Complicated – Epidemiologists tell us that the virus comes in waves. Even with proposed and announced dates for the bar exam, COVID-19 may make it impossible or unwise to administer it in the late summer or early fall. But bar takers cannot afford to wait until there is certainty to begin studying. Many will begin bar study this month, for an exam that may or may not take place. They will study in places that are not libraries or law schools, because those places are closed.

Uncommon – COVID-19 presents an unprecedented situation that will impact the flow of new attorneys into the profession at a time when there will be an increased need for legal services. Extraordinary times call for extraordinary measures, like emergency diploma privilege. Utah adopted a sensible emergency diploma privilege, but the ABA and the NCBE discourage other states from following suit.

Unbelievable – Just when we thought things could not possibly get any worse, the New York Board of Law Examiners announced that it may not have enough room to allow bar applicants from out of state law schools to sit for the exam that it hopes to administer on September 30 – October 1. In that same announcement, and with hold-my-beer momentum, the New York bar officials strongly encouraged candidates “to consider sitting for the UBE in other jurisdictions.” That this advice was given without regard for the COVID precautions of other states, and at a time when very few other states were still accepting applications, defies comprehension.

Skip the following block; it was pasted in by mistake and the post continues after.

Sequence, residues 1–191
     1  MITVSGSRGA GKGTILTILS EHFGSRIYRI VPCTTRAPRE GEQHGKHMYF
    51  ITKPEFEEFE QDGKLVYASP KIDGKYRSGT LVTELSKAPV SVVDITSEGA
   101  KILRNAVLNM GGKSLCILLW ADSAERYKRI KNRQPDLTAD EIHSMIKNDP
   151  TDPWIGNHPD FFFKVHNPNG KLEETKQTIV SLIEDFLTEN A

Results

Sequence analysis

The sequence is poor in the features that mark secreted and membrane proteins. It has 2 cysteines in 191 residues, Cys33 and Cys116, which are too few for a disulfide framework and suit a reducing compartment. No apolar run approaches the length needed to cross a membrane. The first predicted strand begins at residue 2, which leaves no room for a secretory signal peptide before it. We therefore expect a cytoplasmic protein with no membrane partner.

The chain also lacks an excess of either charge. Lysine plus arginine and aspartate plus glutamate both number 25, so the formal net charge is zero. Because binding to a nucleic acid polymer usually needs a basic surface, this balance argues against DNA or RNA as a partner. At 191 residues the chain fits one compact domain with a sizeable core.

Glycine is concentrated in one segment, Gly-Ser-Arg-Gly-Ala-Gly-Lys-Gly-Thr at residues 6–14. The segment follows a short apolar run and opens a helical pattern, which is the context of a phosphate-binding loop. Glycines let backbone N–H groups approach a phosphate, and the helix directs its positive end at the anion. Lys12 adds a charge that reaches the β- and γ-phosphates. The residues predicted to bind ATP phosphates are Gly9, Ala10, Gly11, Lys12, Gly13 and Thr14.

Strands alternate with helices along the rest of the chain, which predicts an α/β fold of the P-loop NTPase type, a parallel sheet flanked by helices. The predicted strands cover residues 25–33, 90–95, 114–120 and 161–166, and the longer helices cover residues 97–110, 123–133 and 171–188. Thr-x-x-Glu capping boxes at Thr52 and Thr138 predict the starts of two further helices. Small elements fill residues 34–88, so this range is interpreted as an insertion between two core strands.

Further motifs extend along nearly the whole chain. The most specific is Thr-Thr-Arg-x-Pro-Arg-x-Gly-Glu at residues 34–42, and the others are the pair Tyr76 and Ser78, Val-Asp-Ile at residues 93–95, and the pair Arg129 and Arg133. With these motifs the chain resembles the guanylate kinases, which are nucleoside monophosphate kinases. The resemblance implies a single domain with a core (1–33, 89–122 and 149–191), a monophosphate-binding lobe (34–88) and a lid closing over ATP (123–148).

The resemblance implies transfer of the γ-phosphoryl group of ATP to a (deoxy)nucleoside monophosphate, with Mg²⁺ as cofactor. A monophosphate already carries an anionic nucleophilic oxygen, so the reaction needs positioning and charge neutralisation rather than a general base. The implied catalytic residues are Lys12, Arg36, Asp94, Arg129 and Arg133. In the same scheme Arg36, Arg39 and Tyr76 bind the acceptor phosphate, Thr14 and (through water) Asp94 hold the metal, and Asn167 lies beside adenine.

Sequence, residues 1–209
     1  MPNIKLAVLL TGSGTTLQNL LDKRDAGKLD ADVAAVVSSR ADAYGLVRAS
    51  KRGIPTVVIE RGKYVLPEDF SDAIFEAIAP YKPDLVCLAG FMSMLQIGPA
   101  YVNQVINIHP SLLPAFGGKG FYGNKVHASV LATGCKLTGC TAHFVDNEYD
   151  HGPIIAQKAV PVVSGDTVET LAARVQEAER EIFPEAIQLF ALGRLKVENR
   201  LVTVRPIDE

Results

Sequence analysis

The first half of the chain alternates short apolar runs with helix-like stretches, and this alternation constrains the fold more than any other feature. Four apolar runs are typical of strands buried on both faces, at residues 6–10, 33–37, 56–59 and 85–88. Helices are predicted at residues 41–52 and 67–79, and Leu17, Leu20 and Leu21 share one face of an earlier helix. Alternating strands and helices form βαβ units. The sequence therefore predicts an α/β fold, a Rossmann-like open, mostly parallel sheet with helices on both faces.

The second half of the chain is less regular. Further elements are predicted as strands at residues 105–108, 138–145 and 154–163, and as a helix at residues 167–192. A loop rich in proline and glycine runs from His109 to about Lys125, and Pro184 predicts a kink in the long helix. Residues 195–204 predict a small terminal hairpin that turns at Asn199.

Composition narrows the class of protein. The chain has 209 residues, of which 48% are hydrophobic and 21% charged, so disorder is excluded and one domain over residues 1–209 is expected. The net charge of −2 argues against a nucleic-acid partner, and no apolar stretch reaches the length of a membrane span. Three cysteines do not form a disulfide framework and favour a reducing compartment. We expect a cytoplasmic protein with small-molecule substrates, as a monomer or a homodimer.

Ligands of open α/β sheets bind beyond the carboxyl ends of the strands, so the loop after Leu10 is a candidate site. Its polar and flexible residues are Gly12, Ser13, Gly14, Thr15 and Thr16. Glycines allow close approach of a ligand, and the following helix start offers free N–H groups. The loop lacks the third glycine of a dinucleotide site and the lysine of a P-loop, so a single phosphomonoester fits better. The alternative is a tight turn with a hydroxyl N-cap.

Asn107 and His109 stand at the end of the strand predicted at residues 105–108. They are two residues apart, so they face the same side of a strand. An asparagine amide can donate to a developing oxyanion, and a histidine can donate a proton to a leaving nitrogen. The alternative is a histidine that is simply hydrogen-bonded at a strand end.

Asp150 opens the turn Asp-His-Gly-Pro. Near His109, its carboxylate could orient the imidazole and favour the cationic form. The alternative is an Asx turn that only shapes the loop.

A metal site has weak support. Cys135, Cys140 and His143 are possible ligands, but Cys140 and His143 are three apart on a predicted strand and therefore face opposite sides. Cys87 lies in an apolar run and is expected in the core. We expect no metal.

I won’t ask, “what could happen next?”

(©Marsha Griggs)  

 

[1] ABA STANDING COMMITEEE ON BAR ACTIVITIES AND SERVICES LAW STUDENT DIVISION RESOLUTION [sic] (04/07/020) “the Resolution does not . . . modify or limit the historic and longstanding policy of the ABA supporting the use of a bar examination as an important criterion for admission to the bar.”

May 4, 2020 in Bar Exam Issues, Bar Exam Preparation, Bar Exams, Current Affairs, Exams - Studying, Miscellany, News | Permalink | Comments (0)

Wednesday, April 29, 2020

So you failed the bar....

What's next? 

  1. Take a minute, it’s ok to be upset.

First and foremost, this does not define you. Trust me, we have all heard stories of prominent lawyers, judges, and politicians that have failed the bar, sometimes multiple times. I could make you a list of all of the successful lawyers that were unsuccessful on the bar exam their first time.  But I won’t, because failing the bar does not define them. If you try to make a list, you won’t find “failed the bar” on Wikipedia pages, or official biographies, or resumes. It’s not because it’s some secret shame, but because no one cares. In 5-10 years, no one will care how many times it took you to pass the bar. In fact, they won’t care in 6 months or a year. It seems like a defining moment right now, but it isn’t. Your defining moments come from the way you treat clients, the way you treat colleagues, and what you choose to do with your license once you have it.